My 6 month old black lab spends almost all of his time with his nose pressed against the ground, sniffing. This happens when we are out in the park and also when he is in the rooms of the house where he doesn't normally have constant access to.

He is fairly responsive when it comes to recall, if we walk away from him while he is sniffing and call he mostly comes running back to us. But we can't get him interested in playing with us because as soon as we throw a ball or anything he just ignores it and goes back to sniffing the ground.

Also when we are walking on lead he doesn't really pull forwards, it tends to be that he stops everywhere to sniff so we end up pulling him.

I am lost for ideas of how we get him to stop the sniffing and turn his focus to us and playing games.

  • How would you use positive reinforcement to keep a kid from looking at all the fascinating things going on around them? It's the same issue, really.
    – keshlam
    Apr 20, 2016 at 16:43

3 Answers 3


You have to have a reward that out weighs what he's getting from sniffing the ground. You wouldn't stop watching a favorite TV show or playing a video game if someone told you that if you stop you can come scrub the bathroom with them. It's got to be worth it.

As for the stopping while on a walk, I suggest an extra lead that's much thinner. Go to home depot and get some cheap paracord. Make a loop in one end and feed the body of the rope through the eye to make a loop. Put this around his neck and high up near his ears. When he stops, just keep moving and bump him with the lead. You may have to tug a little, but it'll put more pressure on a smaller area and be more uncomfortable than a wider collar that's further down on the neck. That should help alleviate that problem.

Something you should consider is working with what the dog naturally likes to do. If he is really big on using his nose, I wouldn't discourage it, but channel it. Start doing scent work. It'll engage his mind, let him do what he likes to do anyway, but it'll also give it a set of rules and guidelines. I think that would probably be the best thing for him.

  • Do you have any links to resources for teaching scent work? Apr 20, 2016 at 14:17
  • I don't. I'll look for some, but I never found any good resources when I looked in the past. I ended up ordering a DVD on it.
    – Dalton
    Apr 20, 2016 at 14:20
  • The OP asked for positive reinforcement, not collar corrections. Apr 21, 2016 at 18:16
  • You're right, but I don't believe there is a positive reinforcement for this behavior. I really like positive reinforcement and use it as much as possible. However, it relies on providing the dog with something he sees as being high value. It would have to be a higher value than what he wants to do. Even it if's effective for a while, it's power diminishes in proportion to how full his is. So I gave the OP the gentlest method outside of positive reinforcement that I know. She can always try waving some hotdogs in front of his nose. It will only work part of the time, though.
    – Dalton
    Apr 26, 2016 at 12:43

First, ask yourself why you want to stop your dog from sniffing. Sniffing is something that's really important to dogs. From a practical perspective, sniffing a lot will tire your dog out, so when you get home your dog is less likely to have other training issues. Does it really cost you so much to let your dog "live a little"?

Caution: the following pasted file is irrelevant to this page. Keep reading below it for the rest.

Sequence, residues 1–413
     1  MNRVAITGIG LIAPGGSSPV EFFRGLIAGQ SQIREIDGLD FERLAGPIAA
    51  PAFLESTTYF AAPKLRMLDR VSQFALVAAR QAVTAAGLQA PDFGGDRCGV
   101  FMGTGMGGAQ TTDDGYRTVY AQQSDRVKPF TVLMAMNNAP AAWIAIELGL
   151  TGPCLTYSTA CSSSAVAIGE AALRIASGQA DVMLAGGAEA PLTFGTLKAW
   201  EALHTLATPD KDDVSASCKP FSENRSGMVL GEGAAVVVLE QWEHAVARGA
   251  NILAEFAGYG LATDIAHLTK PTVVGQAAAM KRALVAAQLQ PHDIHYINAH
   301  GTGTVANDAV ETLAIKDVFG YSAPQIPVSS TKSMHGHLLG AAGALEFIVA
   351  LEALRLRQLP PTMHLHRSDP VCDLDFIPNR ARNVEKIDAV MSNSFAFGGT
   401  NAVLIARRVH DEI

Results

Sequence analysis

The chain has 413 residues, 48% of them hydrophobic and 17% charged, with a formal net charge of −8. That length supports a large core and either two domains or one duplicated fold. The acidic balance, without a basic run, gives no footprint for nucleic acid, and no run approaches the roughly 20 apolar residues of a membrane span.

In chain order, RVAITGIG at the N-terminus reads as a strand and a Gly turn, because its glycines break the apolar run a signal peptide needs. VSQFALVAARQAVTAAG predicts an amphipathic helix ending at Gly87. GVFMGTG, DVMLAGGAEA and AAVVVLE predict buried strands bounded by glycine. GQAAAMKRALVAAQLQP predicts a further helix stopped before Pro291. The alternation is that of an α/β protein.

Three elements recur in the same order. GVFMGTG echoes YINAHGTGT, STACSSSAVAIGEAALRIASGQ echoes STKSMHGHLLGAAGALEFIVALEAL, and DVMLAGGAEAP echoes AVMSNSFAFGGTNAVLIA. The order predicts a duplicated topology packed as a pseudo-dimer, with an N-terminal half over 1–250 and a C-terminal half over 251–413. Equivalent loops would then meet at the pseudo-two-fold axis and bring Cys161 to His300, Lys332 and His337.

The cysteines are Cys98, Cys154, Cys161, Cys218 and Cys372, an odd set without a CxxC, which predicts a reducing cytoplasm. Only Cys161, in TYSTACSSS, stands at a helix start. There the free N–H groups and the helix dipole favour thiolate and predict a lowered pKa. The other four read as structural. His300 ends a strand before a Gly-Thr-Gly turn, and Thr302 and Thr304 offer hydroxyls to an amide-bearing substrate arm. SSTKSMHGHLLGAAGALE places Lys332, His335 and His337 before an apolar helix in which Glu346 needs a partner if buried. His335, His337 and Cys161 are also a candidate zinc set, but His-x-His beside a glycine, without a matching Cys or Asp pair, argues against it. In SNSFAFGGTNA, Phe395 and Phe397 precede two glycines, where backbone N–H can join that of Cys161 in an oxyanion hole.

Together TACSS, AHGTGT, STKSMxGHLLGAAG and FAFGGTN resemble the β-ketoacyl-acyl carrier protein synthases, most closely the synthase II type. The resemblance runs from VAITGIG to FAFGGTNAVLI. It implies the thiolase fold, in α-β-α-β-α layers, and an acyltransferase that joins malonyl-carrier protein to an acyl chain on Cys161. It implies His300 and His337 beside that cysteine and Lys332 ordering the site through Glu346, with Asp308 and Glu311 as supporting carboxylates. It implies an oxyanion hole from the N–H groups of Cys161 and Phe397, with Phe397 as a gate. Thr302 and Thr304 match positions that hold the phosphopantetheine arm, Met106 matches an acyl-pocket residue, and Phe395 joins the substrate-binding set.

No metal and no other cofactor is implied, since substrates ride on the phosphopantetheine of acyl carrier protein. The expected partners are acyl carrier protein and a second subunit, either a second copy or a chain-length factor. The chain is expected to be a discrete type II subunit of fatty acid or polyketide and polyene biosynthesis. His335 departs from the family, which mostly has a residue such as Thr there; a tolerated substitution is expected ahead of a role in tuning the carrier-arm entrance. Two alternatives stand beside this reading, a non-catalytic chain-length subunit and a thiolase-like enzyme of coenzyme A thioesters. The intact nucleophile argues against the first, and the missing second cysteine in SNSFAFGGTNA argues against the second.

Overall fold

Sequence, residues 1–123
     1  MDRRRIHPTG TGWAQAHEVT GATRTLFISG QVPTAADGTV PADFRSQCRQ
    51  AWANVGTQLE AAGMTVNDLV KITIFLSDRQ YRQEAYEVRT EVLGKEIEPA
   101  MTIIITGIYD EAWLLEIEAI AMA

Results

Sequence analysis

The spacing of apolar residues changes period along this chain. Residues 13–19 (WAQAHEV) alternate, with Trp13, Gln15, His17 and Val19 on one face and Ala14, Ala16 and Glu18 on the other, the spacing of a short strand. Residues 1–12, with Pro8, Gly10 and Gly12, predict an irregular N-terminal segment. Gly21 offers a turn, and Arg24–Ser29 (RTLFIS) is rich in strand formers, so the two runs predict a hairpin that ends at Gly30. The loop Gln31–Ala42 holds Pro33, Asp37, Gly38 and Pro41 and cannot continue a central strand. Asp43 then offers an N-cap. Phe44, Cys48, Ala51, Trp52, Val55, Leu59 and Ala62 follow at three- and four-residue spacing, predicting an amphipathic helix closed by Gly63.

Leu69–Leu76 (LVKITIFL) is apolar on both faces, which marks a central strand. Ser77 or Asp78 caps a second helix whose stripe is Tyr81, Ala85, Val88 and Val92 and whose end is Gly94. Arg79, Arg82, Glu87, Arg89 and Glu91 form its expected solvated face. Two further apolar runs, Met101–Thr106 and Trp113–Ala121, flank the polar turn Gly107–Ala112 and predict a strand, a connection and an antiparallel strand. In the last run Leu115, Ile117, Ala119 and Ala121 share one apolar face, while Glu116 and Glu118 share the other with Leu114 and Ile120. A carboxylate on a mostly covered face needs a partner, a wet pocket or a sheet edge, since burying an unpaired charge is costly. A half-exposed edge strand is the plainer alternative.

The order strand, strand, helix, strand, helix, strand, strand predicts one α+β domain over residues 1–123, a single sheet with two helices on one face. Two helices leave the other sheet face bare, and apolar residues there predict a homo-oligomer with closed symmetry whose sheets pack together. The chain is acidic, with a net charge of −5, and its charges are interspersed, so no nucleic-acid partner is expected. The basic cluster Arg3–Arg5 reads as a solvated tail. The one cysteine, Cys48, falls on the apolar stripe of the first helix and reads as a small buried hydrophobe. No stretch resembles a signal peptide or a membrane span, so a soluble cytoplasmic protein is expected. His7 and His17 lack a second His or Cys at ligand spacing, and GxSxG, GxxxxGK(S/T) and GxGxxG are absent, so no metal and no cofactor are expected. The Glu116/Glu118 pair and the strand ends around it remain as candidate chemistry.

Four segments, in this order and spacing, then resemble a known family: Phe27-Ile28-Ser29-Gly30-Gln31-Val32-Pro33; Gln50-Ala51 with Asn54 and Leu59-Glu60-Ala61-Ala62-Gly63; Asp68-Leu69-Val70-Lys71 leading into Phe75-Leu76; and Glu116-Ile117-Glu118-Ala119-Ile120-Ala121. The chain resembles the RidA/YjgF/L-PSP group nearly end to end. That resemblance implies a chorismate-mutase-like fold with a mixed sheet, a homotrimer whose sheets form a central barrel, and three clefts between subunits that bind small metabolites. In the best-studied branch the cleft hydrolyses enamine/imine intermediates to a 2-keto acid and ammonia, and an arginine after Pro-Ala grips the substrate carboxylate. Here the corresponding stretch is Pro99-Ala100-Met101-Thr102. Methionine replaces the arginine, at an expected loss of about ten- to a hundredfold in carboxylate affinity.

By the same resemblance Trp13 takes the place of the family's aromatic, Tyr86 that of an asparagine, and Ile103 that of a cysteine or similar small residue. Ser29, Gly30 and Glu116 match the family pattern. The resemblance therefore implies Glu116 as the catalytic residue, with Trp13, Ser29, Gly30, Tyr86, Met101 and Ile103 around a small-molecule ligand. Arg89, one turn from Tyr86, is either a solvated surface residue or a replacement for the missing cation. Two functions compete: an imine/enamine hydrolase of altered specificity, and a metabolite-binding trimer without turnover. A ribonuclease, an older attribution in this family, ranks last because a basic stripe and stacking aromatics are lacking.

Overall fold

If yes, then there is a reward you have that you already know is important to your dog: the ability to sniff. This is an amazing gift! You can train your dog through positive reinforcement when you don't have treats on you, because there is almost always something nearby that your dog wants to sniff.

You just need to make allowing your dog to sniff contingent on doing what you want first. To start, adjust your dog's collar so it is right behind his ears, and give him enough leash to be comfortable standing or sitting, but he can't get his nose to the ground. Then wait. Your dog is going to try to sniff, then look at you like "huh"? If you already have a marker (clicker, "yes", etc.), use that, then say "ok, go sniff." If not, this might be a good way to get started.

Let him sniff a bit, then stick a treat right in his face and raise his head so you can restart by adjusting his collar.

Make sure to keep what you're asking for very short in the beginning. The reason this works is because it doesn't cost much for your dog to do what you want, and it isn't the end of what he wants to do--it's a way for him to be able to get you to give him what he wants.

My dog loves to sniff as well, and when I walk him I stop at the places he has indicated are the most tempting to sniff and ask him to work--usually a few steps of heeling with a sit or a turn thrown in--at each one before he can sniff. It's great because what started out as a distraction is what's now motivating him to work.


I am not an expert, but I have 2 dogs myself.

First off, my experience is that the right kind of toy/ball can make a LOT of difference. One of my dogs never wanted to play, until one day I got one of those hard rubber balls with the hole trough the middle (I think the hole is meant to hold treats, never used it for that).

He loves the thing and always stops whatever he's doing to play with it. If your local petshop allows it take your dog there and make him pick the ball/toy, they may all be similar to you but your dog might think otherwise.

Using only positive reinforcement you won't be able to make him stop sniffing, I think.

What you could do is make playing more interesting for him, by giving him treats whenever he does.

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